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Do you have menopause related policies at work?
Helena Newberry, Employee Relations Advisor at Napthens on the importance of introducing a workplace menopause now.
Recent research has found that 10% of women leave the workforce and one in four consider leaving due to the menopause.
These figures reportedly cost UK businesses 14 million working days each year, which is the equivalent of £1.88 billion in lost productivity each year.
Although menopause is not officially classed as a disability, menopause related symptoms are more than ever being recognised, as having “a physical or mental impairment that has a ‘substantial’ and ‘long-term’ negative effect on the ability to do normal daily activities,” and ¬¬therefore, meeting the legal definition of a disability under the Equality Act 2010. This is evident in the figures from HM Courts and Tribunals Service which show that cases which centred around menopause in England increased from five cases in the whole of 2018 to ten cases in the first six months of 2021.
Data from Organisation for Economic Co-operation and Development (‘OECD') show that around three quarters of people working in health and social care are women. Considering this, health and social care businesses play an important role in the introduction of menopause related policies which can be put in place to support women in the workplace, at all stages of life.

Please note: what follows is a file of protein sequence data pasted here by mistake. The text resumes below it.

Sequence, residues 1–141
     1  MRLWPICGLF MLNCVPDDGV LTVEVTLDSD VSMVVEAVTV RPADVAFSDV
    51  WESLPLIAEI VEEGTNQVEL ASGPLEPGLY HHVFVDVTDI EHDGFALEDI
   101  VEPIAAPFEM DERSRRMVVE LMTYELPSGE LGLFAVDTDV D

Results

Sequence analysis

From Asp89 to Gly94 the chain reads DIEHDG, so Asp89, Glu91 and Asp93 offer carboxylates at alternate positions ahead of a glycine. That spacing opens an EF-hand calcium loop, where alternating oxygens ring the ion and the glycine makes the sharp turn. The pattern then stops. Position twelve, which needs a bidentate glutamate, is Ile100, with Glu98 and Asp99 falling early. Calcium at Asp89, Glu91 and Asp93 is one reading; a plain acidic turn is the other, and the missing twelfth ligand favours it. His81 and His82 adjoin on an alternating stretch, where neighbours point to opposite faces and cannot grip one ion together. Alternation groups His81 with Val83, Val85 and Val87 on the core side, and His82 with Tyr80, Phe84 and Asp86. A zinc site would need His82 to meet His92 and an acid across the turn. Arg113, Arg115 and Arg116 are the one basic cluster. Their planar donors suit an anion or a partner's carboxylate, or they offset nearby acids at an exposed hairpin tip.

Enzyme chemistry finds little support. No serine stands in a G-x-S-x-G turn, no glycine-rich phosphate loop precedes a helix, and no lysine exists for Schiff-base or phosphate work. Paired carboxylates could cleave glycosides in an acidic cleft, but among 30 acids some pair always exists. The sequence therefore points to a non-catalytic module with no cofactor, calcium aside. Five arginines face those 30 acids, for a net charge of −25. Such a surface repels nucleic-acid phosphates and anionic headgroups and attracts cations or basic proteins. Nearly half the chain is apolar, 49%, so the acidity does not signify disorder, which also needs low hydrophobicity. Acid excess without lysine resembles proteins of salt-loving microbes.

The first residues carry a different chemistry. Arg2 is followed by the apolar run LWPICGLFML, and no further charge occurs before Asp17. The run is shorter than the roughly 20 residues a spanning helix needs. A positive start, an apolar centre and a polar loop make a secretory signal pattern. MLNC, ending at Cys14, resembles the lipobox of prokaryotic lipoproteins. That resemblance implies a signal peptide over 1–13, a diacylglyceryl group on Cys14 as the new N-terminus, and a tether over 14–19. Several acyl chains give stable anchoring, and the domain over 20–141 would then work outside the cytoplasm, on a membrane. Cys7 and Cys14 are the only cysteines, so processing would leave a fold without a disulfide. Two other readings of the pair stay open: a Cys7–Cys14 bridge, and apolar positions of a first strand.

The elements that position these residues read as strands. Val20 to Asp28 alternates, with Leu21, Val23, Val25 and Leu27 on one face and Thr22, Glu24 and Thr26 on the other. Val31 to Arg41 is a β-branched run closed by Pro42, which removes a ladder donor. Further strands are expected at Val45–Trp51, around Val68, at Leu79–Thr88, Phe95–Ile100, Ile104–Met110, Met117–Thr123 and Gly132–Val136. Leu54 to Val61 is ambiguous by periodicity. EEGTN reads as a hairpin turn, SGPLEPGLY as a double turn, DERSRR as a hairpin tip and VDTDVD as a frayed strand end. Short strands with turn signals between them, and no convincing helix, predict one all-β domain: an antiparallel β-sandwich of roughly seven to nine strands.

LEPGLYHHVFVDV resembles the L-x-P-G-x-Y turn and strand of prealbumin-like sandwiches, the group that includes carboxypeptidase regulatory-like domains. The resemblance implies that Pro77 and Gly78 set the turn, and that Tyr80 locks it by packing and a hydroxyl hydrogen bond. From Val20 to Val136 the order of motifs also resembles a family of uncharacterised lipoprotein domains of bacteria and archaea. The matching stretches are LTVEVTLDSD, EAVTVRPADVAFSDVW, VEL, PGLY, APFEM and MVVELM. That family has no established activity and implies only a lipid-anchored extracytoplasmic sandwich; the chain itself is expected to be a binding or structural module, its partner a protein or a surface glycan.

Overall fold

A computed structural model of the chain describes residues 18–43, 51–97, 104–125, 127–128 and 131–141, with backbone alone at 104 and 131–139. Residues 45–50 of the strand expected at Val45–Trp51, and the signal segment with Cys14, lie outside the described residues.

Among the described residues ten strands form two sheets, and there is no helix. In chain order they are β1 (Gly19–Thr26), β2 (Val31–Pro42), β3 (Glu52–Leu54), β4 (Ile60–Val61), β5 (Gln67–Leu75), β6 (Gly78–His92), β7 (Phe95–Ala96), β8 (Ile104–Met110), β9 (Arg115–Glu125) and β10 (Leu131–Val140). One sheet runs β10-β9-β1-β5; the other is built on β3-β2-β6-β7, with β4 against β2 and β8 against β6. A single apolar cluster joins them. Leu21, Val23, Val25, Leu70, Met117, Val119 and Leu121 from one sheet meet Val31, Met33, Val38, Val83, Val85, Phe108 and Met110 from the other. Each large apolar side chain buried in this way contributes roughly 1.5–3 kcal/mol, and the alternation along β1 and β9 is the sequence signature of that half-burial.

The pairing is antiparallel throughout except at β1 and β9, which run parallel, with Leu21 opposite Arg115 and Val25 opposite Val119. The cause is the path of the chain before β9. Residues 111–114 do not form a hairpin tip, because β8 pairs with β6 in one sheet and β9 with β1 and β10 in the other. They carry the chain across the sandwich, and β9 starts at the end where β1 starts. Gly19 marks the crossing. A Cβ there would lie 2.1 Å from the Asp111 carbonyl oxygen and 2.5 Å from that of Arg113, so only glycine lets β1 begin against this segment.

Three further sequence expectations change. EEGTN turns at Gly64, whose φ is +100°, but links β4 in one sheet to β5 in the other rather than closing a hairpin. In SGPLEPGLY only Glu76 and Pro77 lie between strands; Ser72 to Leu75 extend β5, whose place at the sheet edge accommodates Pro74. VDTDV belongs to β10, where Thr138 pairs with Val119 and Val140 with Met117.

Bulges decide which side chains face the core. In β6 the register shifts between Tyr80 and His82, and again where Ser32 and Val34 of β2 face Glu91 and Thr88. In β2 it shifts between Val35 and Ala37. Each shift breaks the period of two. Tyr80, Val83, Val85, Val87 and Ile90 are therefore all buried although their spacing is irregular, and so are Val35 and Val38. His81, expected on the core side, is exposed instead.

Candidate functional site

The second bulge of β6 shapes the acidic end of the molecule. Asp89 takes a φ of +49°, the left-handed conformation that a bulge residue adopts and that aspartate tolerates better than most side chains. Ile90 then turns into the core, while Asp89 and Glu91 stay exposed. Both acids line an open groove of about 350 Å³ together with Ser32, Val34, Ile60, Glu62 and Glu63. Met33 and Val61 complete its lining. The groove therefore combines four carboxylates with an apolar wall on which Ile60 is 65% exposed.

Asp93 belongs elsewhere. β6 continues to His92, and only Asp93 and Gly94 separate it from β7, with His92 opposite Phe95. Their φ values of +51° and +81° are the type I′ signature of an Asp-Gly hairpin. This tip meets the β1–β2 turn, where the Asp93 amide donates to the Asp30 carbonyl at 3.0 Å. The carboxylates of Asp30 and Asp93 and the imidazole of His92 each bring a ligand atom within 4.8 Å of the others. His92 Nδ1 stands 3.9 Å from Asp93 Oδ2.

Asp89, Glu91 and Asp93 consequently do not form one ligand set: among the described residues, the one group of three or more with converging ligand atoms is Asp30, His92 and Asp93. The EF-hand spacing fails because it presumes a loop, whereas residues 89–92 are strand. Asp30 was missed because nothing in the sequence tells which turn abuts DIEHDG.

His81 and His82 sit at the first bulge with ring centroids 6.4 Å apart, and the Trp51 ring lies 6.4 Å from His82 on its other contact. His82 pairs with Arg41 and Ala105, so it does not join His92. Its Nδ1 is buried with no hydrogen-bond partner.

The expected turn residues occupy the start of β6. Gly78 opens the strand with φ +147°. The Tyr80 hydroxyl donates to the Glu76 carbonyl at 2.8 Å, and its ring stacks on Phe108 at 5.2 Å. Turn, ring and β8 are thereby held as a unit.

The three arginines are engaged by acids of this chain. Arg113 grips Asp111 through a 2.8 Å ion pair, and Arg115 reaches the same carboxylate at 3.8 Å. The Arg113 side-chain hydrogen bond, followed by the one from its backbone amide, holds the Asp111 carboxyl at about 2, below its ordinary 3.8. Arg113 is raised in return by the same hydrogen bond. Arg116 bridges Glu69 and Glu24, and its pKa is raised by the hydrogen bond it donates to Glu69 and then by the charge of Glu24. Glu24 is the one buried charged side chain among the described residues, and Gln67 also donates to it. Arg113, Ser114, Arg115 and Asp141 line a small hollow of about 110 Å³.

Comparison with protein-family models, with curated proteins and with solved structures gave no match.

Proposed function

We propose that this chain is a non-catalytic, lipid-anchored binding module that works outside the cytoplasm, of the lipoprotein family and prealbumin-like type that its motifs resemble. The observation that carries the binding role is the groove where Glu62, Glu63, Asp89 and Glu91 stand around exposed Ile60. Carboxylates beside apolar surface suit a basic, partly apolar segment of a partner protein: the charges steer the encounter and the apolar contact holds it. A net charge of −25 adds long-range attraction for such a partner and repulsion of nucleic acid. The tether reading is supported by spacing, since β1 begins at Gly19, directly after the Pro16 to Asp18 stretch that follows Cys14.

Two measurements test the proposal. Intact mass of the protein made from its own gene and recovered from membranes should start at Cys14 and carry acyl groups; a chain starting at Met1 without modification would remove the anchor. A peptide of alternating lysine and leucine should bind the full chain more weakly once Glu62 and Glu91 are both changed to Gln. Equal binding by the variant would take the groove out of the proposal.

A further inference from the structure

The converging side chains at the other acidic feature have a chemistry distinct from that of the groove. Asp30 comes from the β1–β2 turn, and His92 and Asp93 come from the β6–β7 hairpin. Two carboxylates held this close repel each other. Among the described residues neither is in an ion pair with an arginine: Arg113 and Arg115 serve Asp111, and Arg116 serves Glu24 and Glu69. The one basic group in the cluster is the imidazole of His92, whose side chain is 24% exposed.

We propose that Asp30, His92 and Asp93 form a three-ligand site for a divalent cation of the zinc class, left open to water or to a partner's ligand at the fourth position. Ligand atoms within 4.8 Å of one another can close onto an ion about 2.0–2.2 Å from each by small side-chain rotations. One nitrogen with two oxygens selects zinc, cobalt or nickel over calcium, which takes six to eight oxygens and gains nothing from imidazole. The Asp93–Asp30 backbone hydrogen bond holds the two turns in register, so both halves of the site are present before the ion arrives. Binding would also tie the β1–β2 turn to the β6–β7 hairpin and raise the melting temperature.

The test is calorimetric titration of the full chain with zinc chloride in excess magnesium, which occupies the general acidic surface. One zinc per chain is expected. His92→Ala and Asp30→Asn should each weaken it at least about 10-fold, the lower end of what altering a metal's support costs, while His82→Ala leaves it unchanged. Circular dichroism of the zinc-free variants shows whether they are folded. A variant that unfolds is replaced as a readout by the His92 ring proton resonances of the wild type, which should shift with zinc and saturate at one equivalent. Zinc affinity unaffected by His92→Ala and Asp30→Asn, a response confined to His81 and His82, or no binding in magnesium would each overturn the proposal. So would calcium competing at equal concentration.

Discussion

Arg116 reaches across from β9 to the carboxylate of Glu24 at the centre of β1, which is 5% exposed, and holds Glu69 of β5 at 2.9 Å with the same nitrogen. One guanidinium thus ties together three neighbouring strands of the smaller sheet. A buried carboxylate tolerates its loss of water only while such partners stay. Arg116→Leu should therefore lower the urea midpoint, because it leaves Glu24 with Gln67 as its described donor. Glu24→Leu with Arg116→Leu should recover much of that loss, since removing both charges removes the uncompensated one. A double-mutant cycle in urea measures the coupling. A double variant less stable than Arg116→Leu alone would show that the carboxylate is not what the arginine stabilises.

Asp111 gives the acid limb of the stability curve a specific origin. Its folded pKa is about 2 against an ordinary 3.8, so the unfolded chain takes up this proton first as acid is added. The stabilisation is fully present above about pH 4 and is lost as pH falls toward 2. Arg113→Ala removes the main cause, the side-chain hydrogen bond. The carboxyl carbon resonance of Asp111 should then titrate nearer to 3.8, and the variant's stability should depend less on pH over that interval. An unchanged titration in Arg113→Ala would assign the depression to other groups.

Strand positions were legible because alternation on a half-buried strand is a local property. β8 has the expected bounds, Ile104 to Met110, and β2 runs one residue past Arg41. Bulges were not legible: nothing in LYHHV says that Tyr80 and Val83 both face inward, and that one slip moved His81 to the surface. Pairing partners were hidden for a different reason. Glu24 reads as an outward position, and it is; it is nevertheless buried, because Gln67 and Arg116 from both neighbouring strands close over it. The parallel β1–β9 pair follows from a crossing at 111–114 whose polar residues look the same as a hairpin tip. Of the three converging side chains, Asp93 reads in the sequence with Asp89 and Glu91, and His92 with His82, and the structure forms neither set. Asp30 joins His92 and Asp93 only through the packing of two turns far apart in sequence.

Workplace menopause policy
Support for women going through the menopause can take the form of many ways. Recognising that menopause can have an impact on work and implementing a workplace menopause policy is one of the foundations to supporting women through this time. Businesses should consider how this can be introduced with feedback from women in the workplace and consult with staff through the introduction of peer support groups who will be able to provide meaningful input to the creation of the policy.
Employers must also consider how menopause related symptoms impact existing policies in place, such as any incumbent absence management or capability policies, and where needed, adjust these for women impacted at work by menopause symptoms.
Managers need to offer support
Women should be encouraged to have open conversations with their manager, if their symptoms are having an adverse impact at work. Employers need to ensure appropriate training is provided to managers so that they can provide occupational support to their team where needed. Any negative stereotypes and attitudes about middle-aged or older women within the workplace must be challenged by managers to ensure a culture of inclusion is encouraged throughout the business. It should also be factored into any support policies that menopause is still seen by some as a taboo subject and women can feel uncomfortable discussing any menopause related issues with their manager. Where appropriate, access to occupational health services should be offered in these circumstances.
Menopause is a natural life event, however for many, the symptoms can have a considerable negative impact on their life and work. Consequently, now is the time for menopause in the workplace adjustments to be addressed by employers to prevent women leaving the workplace prematurely.
If you have any queries or are in need of specific advice in relation to any Employment law query, please contact a member of the Napthens Employment team who are able to offer 30 minutes of free advice to QCS members.
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